Is routine oral care required for patients who are receiving nothing by mouth?
Background: Aspiration pneumonia is a serious problem in populations of patients receiving medical care. Aspiration pneumonia is encountered in intubated patients, patients with neurologic injury, patients with head and neck cancer, and in the frail. Efforts to reduce the incidence of aspiration-related morbidity improved quality of life and reduced incidence of pneumonia.
Explore this issue:December 2014
Study design: This retrospective study was undertaken over the course of two years. The oral care protocol was introduced in the second year. A total of 63 patients with a mean age of 81.7 years were enrolled. No special oral care was afforded in the first year to 32 patients. During the second year, 31 patients received the oral care protocol. The mean period of observation was 130 days.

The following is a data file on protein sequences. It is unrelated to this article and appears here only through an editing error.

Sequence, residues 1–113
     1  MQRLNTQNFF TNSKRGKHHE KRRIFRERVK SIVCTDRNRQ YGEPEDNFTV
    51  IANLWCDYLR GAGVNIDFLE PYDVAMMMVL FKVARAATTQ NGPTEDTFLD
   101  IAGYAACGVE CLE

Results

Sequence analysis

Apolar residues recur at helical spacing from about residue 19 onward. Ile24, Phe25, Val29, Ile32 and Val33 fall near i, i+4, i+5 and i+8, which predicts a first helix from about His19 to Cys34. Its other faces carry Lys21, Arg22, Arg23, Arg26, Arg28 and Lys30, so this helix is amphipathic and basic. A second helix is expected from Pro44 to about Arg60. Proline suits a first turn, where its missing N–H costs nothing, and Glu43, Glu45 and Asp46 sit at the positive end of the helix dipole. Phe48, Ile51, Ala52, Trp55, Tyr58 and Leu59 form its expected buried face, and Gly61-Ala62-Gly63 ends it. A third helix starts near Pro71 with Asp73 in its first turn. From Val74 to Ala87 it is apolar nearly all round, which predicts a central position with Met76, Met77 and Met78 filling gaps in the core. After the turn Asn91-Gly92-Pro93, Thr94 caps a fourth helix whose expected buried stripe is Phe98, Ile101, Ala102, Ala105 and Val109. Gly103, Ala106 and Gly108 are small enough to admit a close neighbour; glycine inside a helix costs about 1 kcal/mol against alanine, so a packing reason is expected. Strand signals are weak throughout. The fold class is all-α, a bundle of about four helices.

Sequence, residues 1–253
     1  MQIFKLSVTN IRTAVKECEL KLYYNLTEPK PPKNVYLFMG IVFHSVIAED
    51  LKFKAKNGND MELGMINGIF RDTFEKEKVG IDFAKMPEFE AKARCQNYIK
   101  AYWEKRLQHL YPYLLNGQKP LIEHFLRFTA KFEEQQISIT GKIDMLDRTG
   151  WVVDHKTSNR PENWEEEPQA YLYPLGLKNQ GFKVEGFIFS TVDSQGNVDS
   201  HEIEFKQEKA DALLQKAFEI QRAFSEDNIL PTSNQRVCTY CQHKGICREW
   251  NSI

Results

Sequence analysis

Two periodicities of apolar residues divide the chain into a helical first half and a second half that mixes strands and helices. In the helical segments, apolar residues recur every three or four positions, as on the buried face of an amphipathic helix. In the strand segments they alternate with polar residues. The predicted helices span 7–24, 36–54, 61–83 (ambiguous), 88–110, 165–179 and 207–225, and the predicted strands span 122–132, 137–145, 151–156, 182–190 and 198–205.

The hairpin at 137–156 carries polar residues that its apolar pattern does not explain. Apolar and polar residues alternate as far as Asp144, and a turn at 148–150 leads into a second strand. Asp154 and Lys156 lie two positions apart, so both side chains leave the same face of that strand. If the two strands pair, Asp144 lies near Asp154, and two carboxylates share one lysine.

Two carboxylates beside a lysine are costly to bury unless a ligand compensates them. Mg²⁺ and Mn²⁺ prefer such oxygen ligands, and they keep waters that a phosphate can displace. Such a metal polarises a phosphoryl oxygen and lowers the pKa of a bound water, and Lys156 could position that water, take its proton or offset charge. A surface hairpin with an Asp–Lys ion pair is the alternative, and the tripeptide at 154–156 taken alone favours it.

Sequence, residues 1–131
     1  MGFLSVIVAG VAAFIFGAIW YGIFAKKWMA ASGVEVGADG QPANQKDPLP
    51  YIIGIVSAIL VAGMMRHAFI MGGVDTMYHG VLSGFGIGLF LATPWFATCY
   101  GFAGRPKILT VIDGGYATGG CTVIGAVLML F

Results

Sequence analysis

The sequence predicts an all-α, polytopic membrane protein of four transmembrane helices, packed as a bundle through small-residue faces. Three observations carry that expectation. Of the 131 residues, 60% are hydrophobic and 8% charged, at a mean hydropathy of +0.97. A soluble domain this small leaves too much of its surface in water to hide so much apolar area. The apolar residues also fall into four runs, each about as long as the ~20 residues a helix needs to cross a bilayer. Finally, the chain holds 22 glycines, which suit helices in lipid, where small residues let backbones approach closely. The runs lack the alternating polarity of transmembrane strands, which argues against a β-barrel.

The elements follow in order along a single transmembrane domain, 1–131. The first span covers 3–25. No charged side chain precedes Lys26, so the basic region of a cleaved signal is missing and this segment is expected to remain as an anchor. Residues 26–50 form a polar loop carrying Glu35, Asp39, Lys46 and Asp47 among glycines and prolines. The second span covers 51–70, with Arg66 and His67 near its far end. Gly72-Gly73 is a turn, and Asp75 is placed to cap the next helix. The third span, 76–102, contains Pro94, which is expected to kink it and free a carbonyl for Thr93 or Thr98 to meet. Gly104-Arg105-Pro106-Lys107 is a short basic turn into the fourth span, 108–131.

Setting: Long-term care hospital.
Synopsis: The incidence of pneumonia, the number of days with recorded fever, and the need for antibiotic administration were significantly reduced in the subgroup of patients receiving the oral care protocol. The oral care protocol included daily tooth and tongue brushing using a sponge brush with 0.2% chlorhexidine solution. It also included moisturizing the mouth with glycerol and salivary gland massage.
Bottom line: The volume of bacteria in the oral cavity expands exponentially in patients unable to clean their mouths and consume an oral diet. Routine oral care reduces the potential for aspiration of a highly virulent quantity of oral material.